Wassails (and wassailing) are a traditional folk celebration specific to British cider culture. As a lover of global cider culture, and a Brit, its more exciting than Christmas for me and so causes a perpetual problem when trying to document them. It took me 4 years of getting them wrong to realise that you can either worship, or observe - not both and certainly not with any conviction. Too much cider fuelled psychobilly Bluegrass excitement cripples my photographic discipline, although I've managed to snap a few classic moments in the process.

To explain briefly what a wassail is: its a tradition, ancient in origin, where people gather on old twelfth night (Jan 17th), often in atrocious weather on one of the coldest nights of the year, to give thanks for their bountiful harvest and ceremonially give back to the oldest and largest apple tree in the cider orchard. When assembled beneath it, they return cider to the tree, pouring an offering around the base of the trunk and then placing toast (often soaked it cider) up into the branches. The crowd must then make as much loud noise as they can together in an effort to drive off any evil that may be present (often using shotguns.) The toast is hoped to attract Robins over the following weeks to help guard the orchard from evil for the remainder of the year. Everyone then eats, drinks, laughs, sings and generally 'lets go' into the early hours. That date is significant as its near enough midwinter so it also acts as an acknowledgement of seasonal change and lengthening days. Psychologically and practically, this was always an important time for ancient cultures in Northern Europe.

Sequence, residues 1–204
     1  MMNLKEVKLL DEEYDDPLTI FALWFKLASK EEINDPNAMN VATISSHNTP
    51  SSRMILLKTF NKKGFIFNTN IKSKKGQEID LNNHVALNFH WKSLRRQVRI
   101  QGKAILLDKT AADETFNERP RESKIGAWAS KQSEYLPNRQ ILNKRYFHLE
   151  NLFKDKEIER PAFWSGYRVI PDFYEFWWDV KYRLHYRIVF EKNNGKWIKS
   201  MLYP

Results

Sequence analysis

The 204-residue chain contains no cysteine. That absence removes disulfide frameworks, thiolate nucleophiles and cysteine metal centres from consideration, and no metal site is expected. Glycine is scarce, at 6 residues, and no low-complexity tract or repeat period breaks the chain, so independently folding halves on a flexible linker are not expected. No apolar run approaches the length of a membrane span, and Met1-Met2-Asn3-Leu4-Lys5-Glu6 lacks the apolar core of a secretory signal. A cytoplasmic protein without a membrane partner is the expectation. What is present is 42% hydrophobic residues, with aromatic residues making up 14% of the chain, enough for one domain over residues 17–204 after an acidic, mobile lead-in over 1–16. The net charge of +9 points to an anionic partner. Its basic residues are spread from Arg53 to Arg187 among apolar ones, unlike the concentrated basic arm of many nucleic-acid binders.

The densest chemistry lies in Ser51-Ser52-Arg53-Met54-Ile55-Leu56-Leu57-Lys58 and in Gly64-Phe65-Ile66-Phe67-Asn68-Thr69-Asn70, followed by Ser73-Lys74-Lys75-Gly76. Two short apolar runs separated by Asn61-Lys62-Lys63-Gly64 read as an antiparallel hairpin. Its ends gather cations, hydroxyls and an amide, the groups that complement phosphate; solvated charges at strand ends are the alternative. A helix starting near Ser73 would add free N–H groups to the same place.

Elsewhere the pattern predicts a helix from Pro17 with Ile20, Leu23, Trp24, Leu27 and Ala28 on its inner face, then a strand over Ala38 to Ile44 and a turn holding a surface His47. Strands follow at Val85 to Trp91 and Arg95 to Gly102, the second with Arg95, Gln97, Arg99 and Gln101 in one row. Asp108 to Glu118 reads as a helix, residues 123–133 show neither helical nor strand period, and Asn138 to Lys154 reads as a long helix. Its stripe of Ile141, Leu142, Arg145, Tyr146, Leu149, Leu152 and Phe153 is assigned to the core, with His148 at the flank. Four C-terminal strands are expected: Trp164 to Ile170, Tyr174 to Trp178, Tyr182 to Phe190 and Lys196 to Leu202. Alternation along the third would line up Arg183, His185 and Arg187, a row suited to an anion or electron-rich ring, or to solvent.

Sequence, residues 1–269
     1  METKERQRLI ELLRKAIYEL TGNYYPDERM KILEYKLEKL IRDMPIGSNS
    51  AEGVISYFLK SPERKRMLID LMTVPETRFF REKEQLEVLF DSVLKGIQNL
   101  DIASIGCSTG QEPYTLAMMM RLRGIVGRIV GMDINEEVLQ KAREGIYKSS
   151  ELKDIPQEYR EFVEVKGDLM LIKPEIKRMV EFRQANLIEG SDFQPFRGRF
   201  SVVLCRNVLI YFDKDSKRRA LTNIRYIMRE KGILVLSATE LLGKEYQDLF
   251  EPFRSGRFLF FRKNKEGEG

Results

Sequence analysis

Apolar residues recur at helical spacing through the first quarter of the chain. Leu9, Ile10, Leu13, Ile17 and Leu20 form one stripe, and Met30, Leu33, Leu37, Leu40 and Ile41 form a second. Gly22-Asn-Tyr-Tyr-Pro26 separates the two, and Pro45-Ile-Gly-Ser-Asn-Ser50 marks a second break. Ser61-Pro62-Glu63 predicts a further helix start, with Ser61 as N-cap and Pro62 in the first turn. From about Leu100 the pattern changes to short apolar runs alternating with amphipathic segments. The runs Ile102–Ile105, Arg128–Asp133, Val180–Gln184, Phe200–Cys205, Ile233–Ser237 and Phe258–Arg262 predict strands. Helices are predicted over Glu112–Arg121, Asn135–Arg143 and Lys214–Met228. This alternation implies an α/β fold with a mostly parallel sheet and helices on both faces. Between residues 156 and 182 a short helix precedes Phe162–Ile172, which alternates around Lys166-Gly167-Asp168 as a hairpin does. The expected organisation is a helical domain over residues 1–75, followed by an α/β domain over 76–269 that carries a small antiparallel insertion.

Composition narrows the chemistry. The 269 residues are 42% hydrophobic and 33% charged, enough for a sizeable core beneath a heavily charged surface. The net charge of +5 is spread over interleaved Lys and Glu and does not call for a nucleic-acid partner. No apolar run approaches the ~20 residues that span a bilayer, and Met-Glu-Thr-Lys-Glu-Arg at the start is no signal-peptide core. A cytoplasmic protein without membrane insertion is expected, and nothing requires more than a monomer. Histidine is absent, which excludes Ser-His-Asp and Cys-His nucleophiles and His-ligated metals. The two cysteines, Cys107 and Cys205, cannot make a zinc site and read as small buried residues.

These days wassails are mixed and varied both in terms of quality (some of truly fantastic) but also in approach. There are various regional idiosyncrasies, such as the Welsh Mari Lwyd Wassail photo gallery. Most are still traditional in nature although of course, things evolve over time. From time to time you hear people comment 'Its not as good as they used to be', but in reality, Wassailing is alive and healthy, albeit slightly different than it may have been in some cases. 

People like to celebrate in their personal own way too - some dress up as animals such as badger or bees (even Santa!), druids will don garb and some groups troupe door to door around the village and finish at the pub (hopefully for a lock-in!) The events are organised by strong characters typical of, and unique to, the cider world. Its one of those British traditions that I believe is worth exploring. If you examine the mixture of what makes up a wassail, you realise it encompasses some iconic aspects of Britishness: polite company, bad weather, Morris men, the ability to laugh at oneself and of course some excellent cider. Throw in a massive fire and some great music - who isn't tempted?

I believe every wassail should include a ceremony and be somewhere that encourages positive, if occasionally wild, celebration. The spirit of the evening should be fun and lively as its an occasion that benefits from a healthy sense of abandon. Mentally, you need to commit to enjoying yourself outside in the worst of the British weather, outside after dark. Physically, it helps to be wrapped up and waterproof so you can celebrate for as long as you can. Never risk drinking cider outside in the West Country without a pair of wellies, particularly at a wassail.

People always like to know about world wassail because its not commonly used outside of the cider world and most people don't know what it means. It is very much a part of our older language, or at least a language that makes up the part of the DNA of modern English anyway. The word comes from an ancient Anglo Saxon toast 'Wæs þu hæl!' pronounced 'Waes-Hael!' meaning 'Be though hale!' (Be in good health!), the modern equivalent to the very polite 'I hope you are well!'

These images are a collection that, between them, sum up the process and to some degree, the experience. They includes some of my favorite wassail moments and I hope they go some way to describing my feelings about the tradition. I wassail to celebrate one of my favourite things in the whole world with like minded people and to reconnect with roots of traditional cidermaking in Britain. And I love it!

Wassail good friends!